As you know, the more platforms your app works on, the more money you can theoretically make. The more stores you are on, the more money you can theoretically make, too. When it comes to Testing and Improving your app Product pages, the more stores you are on the easier it will be for you to run multiple tests and compare multiple changes.
As you are in the business of improving the performance of your app, improving your app’s product page follows a similar process. This follows the processes typical to A/B and multivariate testing except that most stores are not likely to provide you the means to test different descriptions side by side. Thus testing should follow something like the following process:
Every mobile store is not the same – each has its own audience with different demographics.. If you are engaged in advertising and marketing in support of your app on a specific store, that also impacts your demographic sampling. All of this needs to be noted and characterized in your evaluations of each app store.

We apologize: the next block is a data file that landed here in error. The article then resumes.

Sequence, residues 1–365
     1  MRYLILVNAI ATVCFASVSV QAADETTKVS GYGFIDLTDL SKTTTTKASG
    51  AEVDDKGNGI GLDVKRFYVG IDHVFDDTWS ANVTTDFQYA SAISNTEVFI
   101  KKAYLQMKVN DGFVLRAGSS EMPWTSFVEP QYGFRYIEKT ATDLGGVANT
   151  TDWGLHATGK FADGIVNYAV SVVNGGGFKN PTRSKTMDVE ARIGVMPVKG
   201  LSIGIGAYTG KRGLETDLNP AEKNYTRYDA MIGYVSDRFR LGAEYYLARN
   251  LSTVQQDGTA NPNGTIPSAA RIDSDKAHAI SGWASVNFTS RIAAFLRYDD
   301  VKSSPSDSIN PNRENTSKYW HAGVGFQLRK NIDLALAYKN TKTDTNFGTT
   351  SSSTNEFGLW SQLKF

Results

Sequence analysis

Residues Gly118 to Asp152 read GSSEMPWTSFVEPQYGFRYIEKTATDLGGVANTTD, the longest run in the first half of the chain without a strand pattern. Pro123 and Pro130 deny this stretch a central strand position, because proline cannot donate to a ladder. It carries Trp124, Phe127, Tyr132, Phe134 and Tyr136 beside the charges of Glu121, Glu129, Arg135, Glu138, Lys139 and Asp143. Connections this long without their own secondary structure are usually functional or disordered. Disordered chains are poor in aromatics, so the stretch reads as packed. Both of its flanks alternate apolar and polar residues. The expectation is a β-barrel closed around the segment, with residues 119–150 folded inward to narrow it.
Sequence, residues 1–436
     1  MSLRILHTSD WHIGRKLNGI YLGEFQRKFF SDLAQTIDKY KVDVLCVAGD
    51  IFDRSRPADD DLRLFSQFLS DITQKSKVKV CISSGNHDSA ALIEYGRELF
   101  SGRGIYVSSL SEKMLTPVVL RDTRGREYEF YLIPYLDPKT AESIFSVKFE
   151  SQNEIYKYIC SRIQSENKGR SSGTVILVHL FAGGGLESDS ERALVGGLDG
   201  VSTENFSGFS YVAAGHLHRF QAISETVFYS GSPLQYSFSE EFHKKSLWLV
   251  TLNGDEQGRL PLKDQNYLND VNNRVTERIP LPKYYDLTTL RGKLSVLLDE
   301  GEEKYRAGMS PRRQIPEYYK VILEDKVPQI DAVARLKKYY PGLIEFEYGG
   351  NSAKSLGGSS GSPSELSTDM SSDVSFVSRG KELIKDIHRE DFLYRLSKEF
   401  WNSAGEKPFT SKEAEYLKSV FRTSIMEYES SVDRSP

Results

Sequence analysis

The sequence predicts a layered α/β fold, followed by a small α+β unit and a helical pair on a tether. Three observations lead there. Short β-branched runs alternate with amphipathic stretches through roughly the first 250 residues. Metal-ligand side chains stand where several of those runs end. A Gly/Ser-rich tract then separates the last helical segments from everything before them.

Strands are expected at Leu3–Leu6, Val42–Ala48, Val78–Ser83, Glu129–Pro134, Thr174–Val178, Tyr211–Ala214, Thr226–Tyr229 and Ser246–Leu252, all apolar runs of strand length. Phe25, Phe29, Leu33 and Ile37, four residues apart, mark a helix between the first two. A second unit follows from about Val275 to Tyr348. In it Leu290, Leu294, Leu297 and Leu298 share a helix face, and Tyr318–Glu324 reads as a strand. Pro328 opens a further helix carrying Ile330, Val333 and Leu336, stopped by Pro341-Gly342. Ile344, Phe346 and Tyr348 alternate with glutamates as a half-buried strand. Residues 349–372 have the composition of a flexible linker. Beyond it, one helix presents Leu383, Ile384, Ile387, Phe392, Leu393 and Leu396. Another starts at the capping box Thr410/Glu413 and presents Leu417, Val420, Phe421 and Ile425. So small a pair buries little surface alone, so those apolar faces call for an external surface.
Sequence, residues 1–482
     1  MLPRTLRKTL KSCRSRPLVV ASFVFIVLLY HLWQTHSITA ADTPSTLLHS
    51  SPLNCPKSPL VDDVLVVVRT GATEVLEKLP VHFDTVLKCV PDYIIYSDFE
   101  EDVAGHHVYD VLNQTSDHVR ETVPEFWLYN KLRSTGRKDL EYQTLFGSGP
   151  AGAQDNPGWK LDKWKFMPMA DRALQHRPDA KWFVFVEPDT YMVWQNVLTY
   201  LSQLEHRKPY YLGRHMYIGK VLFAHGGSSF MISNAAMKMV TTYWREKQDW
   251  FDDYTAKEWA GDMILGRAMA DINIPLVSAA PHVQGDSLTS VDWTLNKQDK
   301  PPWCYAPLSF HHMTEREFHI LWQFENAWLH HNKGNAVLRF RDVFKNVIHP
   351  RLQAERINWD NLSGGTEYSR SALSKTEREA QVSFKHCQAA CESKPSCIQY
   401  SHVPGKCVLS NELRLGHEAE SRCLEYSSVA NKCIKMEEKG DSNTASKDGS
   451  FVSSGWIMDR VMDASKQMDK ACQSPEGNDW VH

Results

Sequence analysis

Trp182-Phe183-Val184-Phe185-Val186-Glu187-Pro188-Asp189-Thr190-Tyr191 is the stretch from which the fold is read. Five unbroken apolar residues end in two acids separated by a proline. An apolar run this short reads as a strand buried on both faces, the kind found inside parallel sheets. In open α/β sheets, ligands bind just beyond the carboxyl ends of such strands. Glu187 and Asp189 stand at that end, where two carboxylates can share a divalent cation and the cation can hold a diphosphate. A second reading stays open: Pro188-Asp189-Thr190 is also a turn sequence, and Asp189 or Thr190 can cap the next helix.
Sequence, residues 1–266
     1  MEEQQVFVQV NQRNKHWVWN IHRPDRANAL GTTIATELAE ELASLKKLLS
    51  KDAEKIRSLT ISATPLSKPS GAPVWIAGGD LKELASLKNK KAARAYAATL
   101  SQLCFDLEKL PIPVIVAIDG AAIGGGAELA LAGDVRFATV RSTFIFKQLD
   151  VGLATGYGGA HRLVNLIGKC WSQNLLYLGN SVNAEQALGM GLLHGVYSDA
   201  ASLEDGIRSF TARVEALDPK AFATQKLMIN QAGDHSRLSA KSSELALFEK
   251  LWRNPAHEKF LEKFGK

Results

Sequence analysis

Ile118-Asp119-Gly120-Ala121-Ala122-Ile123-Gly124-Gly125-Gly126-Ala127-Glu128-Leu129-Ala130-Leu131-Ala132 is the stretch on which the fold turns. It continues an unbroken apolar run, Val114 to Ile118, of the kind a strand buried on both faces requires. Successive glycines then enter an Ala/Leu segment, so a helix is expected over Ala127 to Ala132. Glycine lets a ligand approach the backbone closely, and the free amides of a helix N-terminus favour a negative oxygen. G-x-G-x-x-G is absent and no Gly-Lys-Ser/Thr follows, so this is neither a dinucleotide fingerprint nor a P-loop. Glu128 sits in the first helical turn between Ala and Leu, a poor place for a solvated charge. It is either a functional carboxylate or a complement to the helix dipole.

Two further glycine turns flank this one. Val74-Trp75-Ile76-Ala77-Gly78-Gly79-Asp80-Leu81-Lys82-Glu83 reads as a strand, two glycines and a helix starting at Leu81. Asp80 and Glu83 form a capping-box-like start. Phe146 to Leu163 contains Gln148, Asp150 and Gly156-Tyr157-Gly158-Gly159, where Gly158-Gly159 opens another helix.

It deserves to be noted that on many app stores, without a suitable promotional effort, it may be difficult for you to get a statistically significant sample size. It may not always justify the effort, but if supported by spending just 15 minutes every week or two promoting your app on that store, you might be surprised.
A statistically significant sample size is tricky and is a study of its own. Under ideal test conditions a sample of 1,040 viewers allows for a 99% confidence level that your overall download rate would be +/-4% of your sample group. If you saw a 5% download rate, overall results could range from 1 to 9%.
With time and advertising, however, you will be able to base your tests on 10k to even 100k viewers to get a more reliable average conversion rate. It is known, for example, that the “largest online merchant” takes great pains to ensure that everything its visitors first see when viewing their store “converts”. Relative to their volume, if a product’s performance is not up to par “almost immediately” – it gets swapped with something else, on a continuous, rotating basis.
When you are starting from scratch, you will likely want to test several “completely different formats” – with the objective of reaching a format that works best for you. These could be long-medium-short versions; they could also be story based or feature-based descriptions; or they may try to trigger end-user emotions by playing on competitive play, intrigue and curiosity, or simply focus on having fun.